And it says,
“You are hereby commanded to notify James M. Jett,” who was my grandfather, “or his tenant or agent that, heretofore, on the 15th day of February, 1943, a judgment of the declaration of taking, number fifteen filed in the above proceedings, gave the United States of America possession of track #F567, containing 106.1 acres in Anderson County, Tennessee, in connection with the establishment of the Kingston Demolition Range. As of the 15th day of February, 1943—which tract of land is fully described in the declaration of taking, number fifteen on file in my office—and to forthwith vacate said premises immediately.”
“You are further commanded that, if none of the parties are found in actual possession of said premises, to post a copy of this notice at a conspicuous place upon the premises and forthwith make the return of said services to the court.”
And this was signed by Lee A. Beeler, Clerk, United States District Court.
And that’s when they decided to make plans for leaving. And it was rather hard because this was in January and they couldn’t take the crops out of the field, the problems being that, with high security, they were scared somebody would hide someplace among the bales of hay or the stacks of corn. So they were not allowed to take any of the crops. And I don’t know how they managed with their livestock, with their cattle and horses and so forth. But I was away at school so I wasn’t right on top of the proceedings.
So then I came. It was very sad. I mean, some people left their animals behind and they were running around and lost. And people were scattered all around Clinton and Norris and Knoxville, but we were very close-by. It was very rough going through this, but my parents and my grandparents all took jobs on the project. My mom and my grandmother had never worked outside the house and, believe it or not, they took jobs too, which meant they could pursue their hobbies at home and have a check coming in every month.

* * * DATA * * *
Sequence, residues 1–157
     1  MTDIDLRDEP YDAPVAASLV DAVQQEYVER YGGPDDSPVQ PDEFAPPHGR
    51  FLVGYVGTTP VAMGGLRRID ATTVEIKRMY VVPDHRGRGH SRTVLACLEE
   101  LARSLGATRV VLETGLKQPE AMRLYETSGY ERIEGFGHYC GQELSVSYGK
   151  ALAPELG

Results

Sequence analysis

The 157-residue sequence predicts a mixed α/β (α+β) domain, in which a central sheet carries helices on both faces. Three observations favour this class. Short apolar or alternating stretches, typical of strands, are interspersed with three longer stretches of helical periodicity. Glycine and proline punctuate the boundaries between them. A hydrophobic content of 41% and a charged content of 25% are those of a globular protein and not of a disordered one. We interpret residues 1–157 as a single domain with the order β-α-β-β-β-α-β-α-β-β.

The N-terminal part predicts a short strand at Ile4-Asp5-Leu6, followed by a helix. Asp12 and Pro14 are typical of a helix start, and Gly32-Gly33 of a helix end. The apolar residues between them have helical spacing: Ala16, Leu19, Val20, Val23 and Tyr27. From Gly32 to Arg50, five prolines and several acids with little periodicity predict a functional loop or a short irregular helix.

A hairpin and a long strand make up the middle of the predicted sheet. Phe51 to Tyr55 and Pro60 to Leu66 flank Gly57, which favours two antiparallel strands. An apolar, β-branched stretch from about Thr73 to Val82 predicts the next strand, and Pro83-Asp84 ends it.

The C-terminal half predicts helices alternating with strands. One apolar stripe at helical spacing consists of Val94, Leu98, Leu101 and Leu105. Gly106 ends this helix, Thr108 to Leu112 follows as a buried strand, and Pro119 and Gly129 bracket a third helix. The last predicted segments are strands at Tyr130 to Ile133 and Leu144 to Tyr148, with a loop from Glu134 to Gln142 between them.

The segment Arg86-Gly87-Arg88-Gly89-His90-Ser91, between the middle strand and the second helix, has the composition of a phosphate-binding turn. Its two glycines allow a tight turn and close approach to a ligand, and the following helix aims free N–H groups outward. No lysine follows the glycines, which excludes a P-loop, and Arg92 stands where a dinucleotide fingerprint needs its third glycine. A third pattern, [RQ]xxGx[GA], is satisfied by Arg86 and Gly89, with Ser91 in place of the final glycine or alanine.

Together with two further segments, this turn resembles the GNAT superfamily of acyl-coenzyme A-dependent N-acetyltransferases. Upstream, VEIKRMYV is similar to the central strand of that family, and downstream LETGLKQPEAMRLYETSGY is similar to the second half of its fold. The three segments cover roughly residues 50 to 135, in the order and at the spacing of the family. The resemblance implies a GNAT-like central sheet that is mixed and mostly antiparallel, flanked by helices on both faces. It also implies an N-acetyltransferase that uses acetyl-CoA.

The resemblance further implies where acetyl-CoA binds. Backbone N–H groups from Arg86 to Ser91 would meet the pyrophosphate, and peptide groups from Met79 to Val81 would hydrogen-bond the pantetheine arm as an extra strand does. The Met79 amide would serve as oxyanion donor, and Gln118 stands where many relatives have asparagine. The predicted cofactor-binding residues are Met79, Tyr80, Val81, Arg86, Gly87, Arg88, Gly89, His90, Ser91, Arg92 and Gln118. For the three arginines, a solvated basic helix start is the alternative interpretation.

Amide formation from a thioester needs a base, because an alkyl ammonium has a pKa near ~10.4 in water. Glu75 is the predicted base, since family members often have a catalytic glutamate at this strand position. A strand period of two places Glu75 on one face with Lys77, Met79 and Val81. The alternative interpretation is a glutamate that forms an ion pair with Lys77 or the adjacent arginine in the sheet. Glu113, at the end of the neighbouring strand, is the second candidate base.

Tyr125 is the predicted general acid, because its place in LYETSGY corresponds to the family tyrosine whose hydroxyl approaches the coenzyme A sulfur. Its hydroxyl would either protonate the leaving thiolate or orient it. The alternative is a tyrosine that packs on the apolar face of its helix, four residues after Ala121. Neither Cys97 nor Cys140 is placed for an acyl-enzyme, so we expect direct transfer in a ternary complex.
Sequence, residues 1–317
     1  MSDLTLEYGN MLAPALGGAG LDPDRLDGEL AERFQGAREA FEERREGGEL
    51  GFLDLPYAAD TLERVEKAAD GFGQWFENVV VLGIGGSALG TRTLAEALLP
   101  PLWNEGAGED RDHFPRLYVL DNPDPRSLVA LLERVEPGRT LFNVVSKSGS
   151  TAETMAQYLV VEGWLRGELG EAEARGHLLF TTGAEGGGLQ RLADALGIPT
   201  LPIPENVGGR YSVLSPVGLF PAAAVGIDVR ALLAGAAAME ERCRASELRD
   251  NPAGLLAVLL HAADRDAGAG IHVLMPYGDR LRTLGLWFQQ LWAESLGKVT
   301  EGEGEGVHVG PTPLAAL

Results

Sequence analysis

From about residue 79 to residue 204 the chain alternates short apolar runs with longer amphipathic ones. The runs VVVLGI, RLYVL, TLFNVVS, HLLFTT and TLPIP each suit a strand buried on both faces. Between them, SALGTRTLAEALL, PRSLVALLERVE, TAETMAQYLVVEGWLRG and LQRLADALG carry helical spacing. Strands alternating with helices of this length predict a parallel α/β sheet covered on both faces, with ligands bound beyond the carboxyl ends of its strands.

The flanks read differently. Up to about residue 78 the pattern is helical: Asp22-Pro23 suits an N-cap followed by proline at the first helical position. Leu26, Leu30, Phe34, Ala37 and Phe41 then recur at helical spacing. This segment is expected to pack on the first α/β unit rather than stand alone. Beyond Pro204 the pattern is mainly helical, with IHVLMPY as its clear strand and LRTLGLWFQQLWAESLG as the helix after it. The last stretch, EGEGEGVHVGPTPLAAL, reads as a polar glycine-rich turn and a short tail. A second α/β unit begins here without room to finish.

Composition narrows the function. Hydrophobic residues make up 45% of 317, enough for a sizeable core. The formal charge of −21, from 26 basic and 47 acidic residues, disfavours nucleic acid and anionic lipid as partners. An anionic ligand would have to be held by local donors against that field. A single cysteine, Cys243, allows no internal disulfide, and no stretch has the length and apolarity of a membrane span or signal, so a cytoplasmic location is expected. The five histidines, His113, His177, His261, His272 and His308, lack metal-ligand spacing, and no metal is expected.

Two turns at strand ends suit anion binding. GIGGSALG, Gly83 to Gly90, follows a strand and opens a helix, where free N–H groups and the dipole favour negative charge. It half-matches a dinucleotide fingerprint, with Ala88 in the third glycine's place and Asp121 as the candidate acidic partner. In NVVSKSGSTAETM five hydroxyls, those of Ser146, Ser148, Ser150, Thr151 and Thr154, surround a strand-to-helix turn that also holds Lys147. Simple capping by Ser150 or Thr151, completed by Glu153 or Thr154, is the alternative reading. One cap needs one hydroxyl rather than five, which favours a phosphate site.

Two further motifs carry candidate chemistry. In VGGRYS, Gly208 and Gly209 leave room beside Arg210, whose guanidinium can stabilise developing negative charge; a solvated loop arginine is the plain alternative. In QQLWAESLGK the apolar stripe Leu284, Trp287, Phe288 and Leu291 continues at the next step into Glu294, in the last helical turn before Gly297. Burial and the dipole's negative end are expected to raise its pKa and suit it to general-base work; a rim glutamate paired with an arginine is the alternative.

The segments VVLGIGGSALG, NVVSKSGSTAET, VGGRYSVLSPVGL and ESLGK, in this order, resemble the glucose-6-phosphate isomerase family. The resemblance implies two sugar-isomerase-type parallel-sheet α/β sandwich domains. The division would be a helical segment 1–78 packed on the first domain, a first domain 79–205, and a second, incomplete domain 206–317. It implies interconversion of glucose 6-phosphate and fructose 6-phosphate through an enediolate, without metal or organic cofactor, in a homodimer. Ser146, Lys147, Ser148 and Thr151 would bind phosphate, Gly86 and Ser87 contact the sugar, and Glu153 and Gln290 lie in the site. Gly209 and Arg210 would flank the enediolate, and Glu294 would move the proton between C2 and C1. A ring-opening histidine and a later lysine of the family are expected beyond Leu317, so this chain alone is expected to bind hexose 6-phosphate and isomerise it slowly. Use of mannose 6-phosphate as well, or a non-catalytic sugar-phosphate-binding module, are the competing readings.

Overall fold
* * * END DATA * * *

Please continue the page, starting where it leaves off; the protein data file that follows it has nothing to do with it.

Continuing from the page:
Let me think a minute.
Kelly: That’s good. Let me take the paper so it doesn’t crinkle.
Holmberg: Okay. What else, Bob, should I say?
Well, I lived at home and—
Bob Holmberg: You never said where Robertsville was.
Holmberg: Robertsville is where the middle school is now.
Bob Holmberg: No. Everybody doesn’t know where the middle school is, in the center of Oak Ridge.
Holmberg: In the center of Oak Ridge on Robertsville Road, which is near the Hilltop Gatb, down the ridge from Hilltop Gate.
Kelly: Can you tell me—do you know what jobs your mother and your grandmother had at the plant that they worked at?
Holmberg: My mother had an interesting job. She was a chaufferette. They had cars that people who needed them could take, and so there was a carpool and she drove the bigwigs around in the cars. Actually, she went out of town sometimes to take people.
And she was responsible for getting my job at the lab. I came out here and I knew the personnel manager—his daughter was a roommate of mine at UT. And so he said, “Would you like to work with my daughter?”
And I said, “Yes, I would.”